But I think it is a mistake to compare the Skylum products of AuroraPro and Luminar to Adobe products or other software. Rather I think it should or can be another tool in your processing tool box, not a “this or that” situation. I don’t use LR. Instead as someone who started working with Photoshop from its inception on my 124 Mac, it is simply in my blood. So I partner AuroraPro and Luminar in conjunction with Photoshop and its Bridge sibling. I am still trying to find time to learn LR which I think would be a better choice, but for us old dogs, such a major change takes time to learn and integrate into a work flow already well established.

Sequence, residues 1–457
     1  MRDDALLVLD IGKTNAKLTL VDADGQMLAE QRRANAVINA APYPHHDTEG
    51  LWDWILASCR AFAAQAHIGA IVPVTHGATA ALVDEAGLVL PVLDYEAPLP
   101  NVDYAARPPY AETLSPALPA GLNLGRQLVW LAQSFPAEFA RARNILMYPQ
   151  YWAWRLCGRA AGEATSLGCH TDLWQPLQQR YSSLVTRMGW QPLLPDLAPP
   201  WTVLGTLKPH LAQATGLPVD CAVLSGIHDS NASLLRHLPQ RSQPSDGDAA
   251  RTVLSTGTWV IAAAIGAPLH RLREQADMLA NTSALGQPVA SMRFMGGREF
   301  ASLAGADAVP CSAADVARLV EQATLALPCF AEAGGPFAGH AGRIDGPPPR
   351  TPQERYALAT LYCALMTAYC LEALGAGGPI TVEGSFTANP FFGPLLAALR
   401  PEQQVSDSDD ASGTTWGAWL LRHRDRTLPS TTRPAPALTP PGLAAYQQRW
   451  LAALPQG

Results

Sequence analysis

With each new year and its upgraded version of AuroraPro, it improves hugely in speed, use of tools, how the tools work and how it now becomes more and more useful for creating images in areas other than landscape and surreal images. Instead I use it when I have extremes of contrast since I don’t use flash to balance out lighting. When I have more evenly lit images, I go straight to Bridge using the best of the bracketed exposure, use the pre-sets that I create, then to photoshop and often use Luminar as a plug in to Photoshop that makes a seamless bridge between the two. Luminar has a great color picker to turn whites totally neutral. But I rely on Photoshop to correct verticals and horizontals and fix my lens distortions for both Aurora and Luminar images. The new 2019 Luminar is slated to have a slider to intensify the sky and only the sky. Something I am looking forward to.